By M. Beddingfield
It’s all over the news. Resort properties are hurting as much as any business, maybe even more since they use their customer’s financing as a security to borrow money to build more vacation resorts. Big name companies in Florida are laying of up to one-third of their workforce. What does this mean for current timeshare owners?
This year has produced a record number of foreclosures. Owners are walking away from their responsibilities of paying yearly maintenance and mortgage fees. In many cases, they have little choice, it’s feed the kids or pay the fees and loans associated with the resort property.
The foreclosure effect works like a ripple within these types of communities. It affects each and every owner. The lost income from unpaid mortgages and maintenance fees has to be made up somewhere. With the companies feeling the pinch, it’s just good business for them to pass the debt to the consumer. This means that maintenance fees will be increasing as will any surcharges they can dream up.
One of the effects is the devaluing of the unit. The market prices were high when they bought and now the worth of their unit is often less than .25 cents on the dollar. While there are some investors snapping up cheap propery resort units, it’s nearly impossible to sell one and make any kind of profit. It’s more likely that an owner will have to pay hundreds of dollars to unload it in the form of listing fees and closing costs. And even then many owners are finding themselves bilked out of hard-earned cash by unscrupulous realtors and other scam artists.
There are charities that will accept timeshares. But these charities are becoming more discerning about which resort units they take for free. With so many people looking to get out of the burden of owning these properties, charities have found that they can pick and choose the best destinations and red weeks. And who can blame them for wanting to get the best deal they can get? They are doing a service to strapped owners by assuming ownership of a unit that is no longer wanted.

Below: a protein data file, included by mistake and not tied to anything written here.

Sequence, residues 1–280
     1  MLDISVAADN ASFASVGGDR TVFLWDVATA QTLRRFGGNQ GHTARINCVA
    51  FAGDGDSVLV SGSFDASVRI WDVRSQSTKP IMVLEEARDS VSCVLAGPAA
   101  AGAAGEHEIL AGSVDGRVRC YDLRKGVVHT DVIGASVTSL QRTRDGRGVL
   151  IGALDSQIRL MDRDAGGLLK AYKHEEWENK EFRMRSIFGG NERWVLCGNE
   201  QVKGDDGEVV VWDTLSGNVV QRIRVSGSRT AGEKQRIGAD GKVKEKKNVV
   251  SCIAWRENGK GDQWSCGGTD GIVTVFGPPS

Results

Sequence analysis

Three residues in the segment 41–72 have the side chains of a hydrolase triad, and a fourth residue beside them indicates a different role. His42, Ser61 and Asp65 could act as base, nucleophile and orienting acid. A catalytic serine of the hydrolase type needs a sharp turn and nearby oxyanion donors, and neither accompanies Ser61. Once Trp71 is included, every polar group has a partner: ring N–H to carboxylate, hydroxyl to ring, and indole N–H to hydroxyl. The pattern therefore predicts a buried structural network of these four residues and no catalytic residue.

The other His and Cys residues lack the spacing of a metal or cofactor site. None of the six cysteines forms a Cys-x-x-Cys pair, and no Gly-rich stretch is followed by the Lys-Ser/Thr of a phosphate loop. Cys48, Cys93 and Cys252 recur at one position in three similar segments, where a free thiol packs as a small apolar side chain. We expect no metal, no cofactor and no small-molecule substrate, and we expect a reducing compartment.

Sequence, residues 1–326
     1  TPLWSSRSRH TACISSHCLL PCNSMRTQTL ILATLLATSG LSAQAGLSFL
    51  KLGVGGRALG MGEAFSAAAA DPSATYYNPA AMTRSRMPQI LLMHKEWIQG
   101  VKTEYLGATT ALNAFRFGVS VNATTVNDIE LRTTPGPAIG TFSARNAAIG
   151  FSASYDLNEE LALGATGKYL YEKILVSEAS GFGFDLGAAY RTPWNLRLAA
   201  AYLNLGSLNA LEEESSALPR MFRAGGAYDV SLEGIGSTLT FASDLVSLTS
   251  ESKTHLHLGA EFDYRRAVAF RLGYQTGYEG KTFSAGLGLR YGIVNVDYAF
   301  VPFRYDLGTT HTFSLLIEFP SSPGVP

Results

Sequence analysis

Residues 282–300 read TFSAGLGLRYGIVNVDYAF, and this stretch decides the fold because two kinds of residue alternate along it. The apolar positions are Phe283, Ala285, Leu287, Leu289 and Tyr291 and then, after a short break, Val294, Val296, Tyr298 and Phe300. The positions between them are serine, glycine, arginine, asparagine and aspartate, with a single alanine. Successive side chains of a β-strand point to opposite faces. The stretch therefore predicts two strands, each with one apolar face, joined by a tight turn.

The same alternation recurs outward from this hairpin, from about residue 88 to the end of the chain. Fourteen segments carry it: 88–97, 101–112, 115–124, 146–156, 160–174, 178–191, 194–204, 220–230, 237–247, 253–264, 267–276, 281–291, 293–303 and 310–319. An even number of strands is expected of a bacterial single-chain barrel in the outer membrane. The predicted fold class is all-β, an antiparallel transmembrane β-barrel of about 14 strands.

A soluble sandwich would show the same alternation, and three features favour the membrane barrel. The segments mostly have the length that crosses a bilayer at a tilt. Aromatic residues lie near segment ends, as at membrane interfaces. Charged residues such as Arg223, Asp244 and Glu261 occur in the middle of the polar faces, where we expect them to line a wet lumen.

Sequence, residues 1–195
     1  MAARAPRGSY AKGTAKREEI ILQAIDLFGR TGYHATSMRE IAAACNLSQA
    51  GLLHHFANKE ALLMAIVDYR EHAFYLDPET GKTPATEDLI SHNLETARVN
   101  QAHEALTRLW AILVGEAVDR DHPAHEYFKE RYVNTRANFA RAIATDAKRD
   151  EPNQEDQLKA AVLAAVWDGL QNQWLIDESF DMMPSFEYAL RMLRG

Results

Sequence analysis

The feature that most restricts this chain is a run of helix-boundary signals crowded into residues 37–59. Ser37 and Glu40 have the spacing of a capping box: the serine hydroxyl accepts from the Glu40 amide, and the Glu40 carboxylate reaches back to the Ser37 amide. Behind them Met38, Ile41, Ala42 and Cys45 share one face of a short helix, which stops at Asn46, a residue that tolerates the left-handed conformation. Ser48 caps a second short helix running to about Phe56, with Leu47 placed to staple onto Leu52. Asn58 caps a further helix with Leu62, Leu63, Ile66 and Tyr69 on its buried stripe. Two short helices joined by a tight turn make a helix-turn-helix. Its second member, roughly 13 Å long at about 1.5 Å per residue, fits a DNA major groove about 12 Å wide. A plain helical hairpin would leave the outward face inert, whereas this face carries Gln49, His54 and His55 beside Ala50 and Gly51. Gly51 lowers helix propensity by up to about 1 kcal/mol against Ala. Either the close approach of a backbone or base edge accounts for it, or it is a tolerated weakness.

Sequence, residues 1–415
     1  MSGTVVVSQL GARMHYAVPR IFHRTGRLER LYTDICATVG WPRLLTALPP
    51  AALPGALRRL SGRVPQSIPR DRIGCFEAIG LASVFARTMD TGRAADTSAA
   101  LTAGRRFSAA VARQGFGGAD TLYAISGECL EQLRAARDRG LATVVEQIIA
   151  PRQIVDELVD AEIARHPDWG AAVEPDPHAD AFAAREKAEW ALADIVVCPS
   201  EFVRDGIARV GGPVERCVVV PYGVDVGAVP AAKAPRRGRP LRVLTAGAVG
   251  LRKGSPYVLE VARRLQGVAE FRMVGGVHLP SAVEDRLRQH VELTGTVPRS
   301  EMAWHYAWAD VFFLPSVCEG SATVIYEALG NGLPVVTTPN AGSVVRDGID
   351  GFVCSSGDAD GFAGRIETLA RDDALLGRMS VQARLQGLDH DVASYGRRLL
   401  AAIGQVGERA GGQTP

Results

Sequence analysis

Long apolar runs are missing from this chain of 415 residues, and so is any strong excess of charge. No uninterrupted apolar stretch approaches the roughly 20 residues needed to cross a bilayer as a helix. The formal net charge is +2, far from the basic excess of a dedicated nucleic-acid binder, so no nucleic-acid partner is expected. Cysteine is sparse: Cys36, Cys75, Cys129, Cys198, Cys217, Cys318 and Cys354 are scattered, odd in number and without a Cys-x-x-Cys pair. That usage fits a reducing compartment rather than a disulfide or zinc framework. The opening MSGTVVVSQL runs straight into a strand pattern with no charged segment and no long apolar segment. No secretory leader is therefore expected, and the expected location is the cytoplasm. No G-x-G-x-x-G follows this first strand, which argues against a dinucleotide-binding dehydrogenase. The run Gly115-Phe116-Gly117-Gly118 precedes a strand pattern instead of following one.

Many owners have been able to rent their units out to recoup some of the yearly costs. Renting is a viable but difficult option. Often it is more problem then solution.
As the economy continues to falter, fewer and fewer people will have the disposable income necessary to take a vacation. More owners will be forced into default and the already glutted market for cheap resort units will bottom out. When this happens, owners will find that the unit they purchased is worth pennies on the dollar. We’ve already seen this happening in some cases, especially online sales such as Ebay and Craigslist.
The only bright side may be that the economy will force the timeshare industry to examine it’s questionable sales techniques and change their target market. In an ideal world, resort property ownership would become the exclusive property of the rich and famous who can actually afford them, and the common man will learn to be content with family vacations that they don’t have to pay on for the rest of their life.